Kiss My Robot

Except for the isolation brought about by the current viral pandemic, the increasing loneliness in our culture may be due to robotics – the intersection of science, engineering, and technology that produces robots, machines that substitute for (or replicate) human actions. While I am writing this, a robot is cleaning my floor. No human is around with whom to chat. When my ice maker wouldn’t make ice a robot directed me to a technician who knew about the mechanics of my particular machine. The same on-call service can now provide me with a lawyer, accountant, tutor, or many other professionals without them being present in my home. The fix is quick and far less expensive than a house call – if you can follow the directions they give you.

Should you need medical attention, you don’t have to wait in a waiting room. You can sit on your own bed while a doctor examines you virtually – without touching you. Many cultures believe that touching, the laying on of hands, is healing. Indeed, it has been reported infants and elderly who are not touched by other humans do not thrive. Robotics, however,  can be frustrating. Are you agitated when a robot shifts you from one voice message to another when you are seeking to contact someone?  Human assistants or managers are increasingly harder to find.  Robotics provides convenience but what is the human cost? They cannot as yet elicit a human physiological response. Kiss a robot today and you probably just taste metal. But tomorrow?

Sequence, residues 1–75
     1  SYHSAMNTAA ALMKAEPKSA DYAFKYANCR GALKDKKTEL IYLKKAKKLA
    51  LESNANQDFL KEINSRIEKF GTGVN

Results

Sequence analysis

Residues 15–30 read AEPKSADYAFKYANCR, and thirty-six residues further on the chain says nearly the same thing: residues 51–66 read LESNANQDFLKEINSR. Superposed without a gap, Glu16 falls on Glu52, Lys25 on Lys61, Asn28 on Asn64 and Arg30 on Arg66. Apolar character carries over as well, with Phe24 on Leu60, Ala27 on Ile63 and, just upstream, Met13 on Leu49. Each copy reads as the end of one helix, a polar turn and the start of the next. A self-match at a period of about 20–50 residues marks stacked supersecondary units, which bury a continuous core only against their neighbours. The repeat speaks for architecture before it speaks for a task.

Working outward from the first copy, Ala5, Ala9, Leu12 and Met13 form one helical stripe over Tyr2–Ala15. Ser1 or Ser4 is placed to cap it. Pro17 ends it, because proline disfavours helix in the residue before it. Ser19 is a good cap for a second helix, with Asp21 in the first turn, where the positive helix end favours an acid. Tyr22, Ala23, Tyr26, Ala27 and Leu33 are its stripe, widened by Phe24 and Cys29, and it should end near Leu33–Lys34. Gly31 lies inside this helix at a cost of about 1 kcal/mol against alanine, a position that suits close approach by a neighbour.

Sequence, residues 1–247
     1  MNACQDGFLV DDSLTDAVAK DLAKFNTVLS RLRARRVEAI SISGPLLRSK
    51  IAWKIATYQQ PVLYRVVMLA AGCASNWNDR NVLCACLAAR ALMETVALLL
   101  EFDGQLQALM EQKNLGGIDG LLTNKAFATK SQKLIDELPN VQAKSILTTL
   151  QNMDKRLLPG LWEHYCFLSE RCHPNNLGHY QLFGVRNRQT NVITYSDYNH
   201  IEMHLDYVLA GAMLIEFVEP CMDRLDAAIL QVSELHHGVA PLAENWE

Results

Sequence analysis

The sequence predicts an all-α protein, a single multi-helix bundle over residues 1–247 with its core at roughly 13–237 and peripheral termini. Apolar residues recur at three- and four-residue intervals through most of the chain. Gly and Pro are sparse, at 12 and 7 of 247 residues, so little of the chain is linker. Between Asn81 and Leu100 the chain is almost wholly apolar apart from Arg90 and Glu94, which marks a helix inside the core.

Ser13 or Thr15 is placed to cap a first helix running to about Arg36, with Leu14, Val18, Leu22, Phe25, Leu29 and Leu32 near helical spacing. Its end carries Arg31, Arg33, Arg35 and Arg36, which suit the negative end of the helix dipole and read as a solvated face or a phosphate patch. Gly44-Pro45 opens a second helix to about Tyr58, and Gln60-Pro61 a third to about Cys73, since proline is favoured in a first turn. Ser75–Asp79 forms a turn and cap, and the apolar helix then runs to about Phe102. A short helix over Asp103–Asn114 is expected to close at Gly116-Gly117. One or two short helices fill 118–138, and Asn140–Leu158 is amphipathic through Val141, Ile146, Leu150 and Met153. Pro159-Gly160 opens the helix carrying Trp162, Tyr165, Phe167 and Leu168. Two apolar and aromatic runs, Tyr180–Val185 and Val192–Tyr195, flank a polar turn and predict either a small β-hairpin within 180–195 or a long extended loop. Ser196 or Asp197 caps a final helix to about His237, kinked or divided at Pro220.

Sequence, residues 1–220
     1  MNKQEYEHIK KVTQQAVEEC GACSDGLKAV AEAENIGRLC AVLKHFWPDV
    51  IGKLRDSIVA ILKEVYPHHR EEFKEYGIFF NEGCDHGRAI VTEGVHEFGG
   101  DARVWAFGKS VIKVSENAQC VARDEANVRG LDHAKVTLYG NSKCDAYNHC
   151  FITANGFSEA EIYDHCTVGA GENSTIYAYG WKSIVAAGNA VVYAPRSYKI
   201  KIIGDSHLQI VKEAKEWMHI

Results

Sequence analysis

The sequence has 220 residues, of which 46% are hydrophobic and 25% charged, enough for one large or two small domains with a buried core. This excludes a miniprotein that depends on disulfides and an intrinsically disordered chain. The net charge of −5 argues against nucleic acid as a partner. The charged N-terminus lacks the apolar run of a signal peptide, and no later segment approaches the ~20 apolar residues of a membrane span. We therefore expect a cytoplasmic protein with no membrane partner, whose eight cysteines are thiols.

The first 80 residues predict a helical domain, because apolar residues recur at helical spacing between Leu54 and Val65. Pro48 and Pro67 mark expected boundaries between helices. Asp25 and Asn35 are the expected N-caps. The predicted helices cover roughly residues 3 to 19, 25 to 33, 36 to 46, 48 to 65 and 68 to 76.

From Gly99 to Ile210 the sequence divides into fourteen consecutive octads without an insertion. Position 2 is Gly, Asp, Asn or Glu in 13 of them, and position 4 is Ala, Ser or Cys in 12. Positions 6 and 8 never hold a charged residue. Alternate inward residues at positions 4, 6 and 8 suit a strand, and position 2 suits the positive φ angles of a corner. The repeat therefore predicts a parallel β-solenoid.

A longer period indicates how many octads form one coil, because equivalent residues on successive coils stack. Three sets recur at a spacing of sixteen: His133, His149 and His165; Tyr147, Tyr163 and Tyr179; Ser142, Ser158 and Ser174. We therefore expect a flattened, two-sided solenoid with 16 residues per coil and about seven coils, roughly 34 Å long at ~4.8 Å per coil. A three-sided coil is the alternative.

Researchers are creating robots that can think. Dr. Ashwin Dani, assistant professor of electrical and computer engineering and his group at the University of Connecticut are working with a robot whose “screen eyes” watch the movements of humans as they select tools to build a drawer. The robot catalogs the selections with an internal processor. There may be ten steps to follow to build the drawer but after two or three steps, the robot continues on its own.  At this point, Dr. Dani says the robot is thinking, Furthermore, the robot can do in minutes what it would take engineers days to accomplish.  

Researchers at the University of Tokyo, on the other hand, are working on a brand new robotics field, Physical Reservoir Computing.  PRC involves the interaction between machines and living cells. By electronically stimulating a cache of brain cells the Japanese can now make the robot go through a maze. These findings suggest goal-directed behavior can be generated without any additional learning.

Will thinking robotics replace even more humans in our lives? I remember the first time I thought about it. I used to visit a newspaper store that had nationwide and European newspapers so I could check my syndicated column. First, the vendor disappeared, then the store, and finally the newspapers.  The information has just taken a different form: instead of on paper, it appears on a phone or PC screen. Robotics will undoubtedly replace more people in our lives. What is your solution to the loneliness and job loss they will cause? 

Editor’s note: the information on robotics is gleaned from the publications of the American Institute  of Physics:

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